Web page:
The Sixth Circuit holds that long-term care policies purchased by residents of Ohio and Florida remained in force continuously from their effective dates, so they were not affected by both states’ subsequent ban on long-term care policies requiring a hospital stay prior to coverage. Smith v. Continental Casualty Co. (6th Cir., No. 20-3004, Oct. 6, 2021).

Ohio resident Maybelle Smith and Florida resident Mary Fleming each bought long-term care insurance policies from Continental Casualty Company and paid yearly premiums. The policies stated that they were “guaranteed renewable for life” and required that Ms. Smith and Ms. Fleming spend three days in a hospital before they would qualify for long-term care coverage. After the women bought their policies, Ohio and Florida banned the sale of long-term care insurance policies that had mandatory hospitalization requirements.

Ms. Smith and Ms. Fleming entered long-term care facilities without staying in a hospital first. The insurance company denied coverage. Ms. Smith and Ms. Fleming sued Continental, arguing that each annual premium they paid was consideration for a new year-long contract, so when the states banned mandatory hospitalization requirements, it applied to their policies. The district courts dismissed their claims, and they appealed.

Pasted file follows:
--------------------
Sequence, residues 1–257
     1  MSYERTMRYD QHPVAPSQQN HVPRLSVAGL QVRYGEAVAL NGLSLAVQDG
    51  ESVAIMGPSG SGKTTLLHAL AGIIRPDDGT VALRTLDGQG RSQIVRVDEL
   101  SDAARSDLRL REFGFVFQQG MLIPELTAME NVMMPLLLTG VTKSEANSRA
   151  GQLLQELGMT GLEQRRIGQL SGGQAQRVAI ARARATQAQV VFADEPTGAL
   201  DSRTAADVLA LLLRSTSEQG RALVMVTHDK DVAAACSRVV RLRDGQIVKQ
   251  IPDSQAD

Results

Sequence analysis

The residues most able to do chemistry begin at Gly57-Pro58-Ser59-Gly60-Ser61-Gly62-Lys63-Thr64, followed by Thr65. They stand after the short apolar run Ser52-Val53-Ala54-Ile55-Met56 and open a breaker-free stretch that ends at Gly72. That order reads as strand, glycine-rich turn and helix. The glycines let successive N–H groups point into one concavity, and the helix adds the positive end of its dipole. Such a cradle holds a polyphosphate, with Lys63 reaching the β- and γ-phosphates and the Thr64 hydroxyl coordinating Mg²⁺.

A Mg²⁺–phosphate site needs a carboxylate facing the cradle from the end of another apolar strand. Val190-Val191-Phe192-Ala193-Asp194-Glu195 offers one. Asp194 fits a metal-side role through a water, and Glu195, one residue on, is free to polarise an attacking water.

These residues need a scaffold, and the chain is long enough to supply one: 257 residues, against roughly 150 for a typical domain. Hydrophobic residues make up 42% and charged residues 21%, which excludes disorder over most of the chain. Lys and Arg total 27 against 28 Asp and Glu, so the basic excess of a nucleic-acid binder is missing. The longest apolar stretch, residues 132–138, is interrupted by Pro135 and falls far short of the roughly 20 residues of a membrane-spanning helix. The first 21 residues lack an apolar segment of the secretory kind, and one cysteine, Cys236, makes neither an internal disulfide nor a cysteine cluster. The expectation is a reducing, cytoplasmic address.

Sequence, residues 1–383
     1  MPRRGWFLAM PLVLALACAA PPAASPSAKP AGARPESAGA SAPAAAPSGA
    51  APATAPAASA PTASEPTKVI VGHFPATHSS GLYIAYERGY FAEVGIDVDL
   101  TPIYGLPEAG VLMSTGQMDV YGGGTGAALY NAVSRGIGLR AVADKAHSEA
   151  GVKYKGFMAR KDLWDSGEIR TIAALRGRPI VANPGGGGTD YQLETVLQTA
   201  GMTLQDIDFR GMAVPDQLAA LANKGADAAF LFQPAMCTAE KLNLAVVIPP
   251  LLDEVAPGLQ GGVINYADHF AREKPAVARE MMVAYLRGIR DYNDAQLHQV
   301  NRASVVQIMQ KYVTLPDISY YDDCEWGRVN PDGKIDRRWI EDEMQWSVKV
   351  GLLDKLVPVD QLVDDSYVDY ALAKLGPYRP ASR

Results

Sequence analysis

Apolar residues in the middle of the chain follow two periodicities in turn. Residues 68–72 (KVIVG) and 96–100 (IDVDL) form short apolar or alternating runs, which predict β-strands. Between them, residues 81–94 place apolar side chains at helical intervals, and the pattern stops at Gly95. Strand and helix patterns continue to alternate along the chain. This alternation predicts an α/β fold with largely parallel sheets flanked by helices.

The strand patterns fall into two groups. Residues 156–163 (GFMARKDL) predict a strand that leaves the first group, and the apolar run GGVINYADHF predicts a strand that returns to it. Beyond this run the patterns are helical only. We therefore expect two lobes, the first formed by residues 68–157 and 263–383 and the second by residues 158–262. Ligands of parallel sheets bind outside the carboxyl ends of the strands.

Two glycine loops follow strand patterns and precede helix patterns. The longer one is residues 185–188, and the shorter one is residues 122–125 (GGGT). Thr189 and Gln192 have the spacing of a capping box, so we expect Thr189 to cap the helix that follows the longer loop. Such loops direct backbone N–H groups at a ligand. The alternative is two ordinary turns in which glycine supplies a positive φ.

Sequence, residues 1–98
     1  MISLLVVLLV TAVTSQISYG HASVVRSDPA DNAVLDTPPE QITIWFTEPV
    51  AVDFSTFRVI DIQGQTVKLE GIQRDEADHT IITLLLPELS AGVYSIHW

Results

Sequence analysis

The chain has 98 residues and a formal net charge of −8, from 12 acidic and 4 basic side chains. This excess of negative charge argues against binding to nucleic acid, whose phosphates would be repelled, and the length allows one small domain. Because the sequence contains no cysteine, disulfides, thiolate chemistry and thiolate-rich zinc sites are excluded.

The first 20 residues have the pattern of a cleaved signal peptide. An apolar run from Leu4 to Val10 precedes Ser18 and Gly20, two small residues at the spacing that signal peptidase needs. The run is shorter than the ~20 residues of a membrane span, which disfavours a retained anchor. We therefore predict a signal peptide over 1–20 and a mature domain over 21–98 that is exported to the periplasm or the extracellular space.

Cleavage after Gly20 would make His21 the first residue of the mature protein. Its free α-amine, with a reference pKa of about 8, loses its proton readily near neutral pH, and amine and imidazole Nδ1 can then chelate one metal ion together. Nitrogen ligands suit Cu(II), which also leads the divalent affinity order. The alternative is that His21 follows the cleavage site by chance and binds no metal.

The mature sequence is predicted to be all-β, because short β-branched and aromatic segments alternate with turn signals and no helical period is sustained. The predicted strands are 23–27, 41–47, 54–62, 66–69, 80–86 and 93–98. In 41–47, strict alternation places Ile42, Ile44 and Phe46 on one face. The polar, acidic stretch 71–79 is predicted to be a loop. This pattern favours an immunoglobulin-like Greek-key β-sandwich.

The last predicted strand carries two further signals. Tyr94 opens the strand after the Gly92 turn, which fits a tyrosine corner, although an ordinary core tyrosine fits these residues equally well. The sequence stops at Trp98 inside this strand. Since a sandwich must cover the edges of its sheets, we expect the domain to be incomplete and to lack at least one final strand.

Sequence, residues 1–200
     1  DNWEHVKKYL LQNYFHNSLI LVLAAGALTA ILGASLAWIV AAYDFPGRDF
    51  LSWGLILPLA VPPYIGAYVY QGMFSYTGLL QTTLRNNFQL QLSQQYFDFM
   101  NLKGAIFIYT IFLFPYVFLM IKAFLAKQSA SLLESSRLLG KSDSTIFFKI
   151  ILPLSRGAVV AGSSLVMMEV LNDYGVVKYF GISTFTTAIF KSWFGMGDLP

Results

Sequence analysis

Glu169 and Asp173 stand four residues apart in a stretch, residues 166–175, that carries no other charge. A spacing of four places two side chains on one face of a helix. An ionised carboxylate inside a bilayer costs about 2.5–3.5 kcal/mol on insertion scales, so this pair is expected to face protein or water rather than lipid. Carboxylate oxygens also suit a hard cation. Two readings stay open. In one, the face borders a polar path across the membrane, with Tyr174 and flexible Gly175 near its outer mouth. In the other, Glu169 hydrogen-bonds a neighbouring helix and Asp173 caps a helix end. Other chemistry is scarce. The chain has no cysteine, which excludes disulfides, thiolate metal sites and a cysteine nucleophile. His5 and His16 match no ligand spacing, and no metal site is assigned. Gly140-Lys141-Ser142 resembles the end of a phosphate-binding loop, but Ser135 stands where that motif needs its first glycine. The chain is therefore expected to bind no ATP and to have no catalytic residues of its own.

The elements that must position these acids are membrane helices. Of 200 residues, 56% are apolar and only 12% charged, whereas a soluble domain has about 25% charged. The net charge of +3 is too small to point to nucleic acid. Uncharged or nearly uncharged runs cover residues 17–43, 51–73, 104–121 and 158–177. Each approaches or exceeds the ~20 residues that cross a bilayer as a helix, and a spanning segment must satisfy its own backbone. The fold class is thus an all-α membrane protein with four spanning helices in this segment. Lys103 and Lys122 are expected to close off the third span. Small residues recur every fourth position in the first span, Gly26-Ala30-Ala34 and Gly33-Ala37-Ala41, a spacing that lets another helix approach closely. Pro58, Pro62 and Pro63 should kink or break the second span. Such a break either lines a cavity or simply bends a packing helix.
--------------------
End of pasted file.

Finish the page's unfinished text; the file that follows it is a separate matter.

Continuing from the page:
The U.S. Court of Appeals for the Sixth Circuit affirms, holding that the Florida and Ohio laws outlawing mandatory hospitalization requirements did not apply to the long-term care policies because the policies remained in force continuously from when they became effective. The court finds that the original contracts were not intended to last only a year because each year the limitations period did not restart, lifetime benefits did not reset, and the policies could not be renegotiated. Instead, the court holds that the policies’ “provisions make clear that the parties intended their contract[s] to extend indefinitely.”

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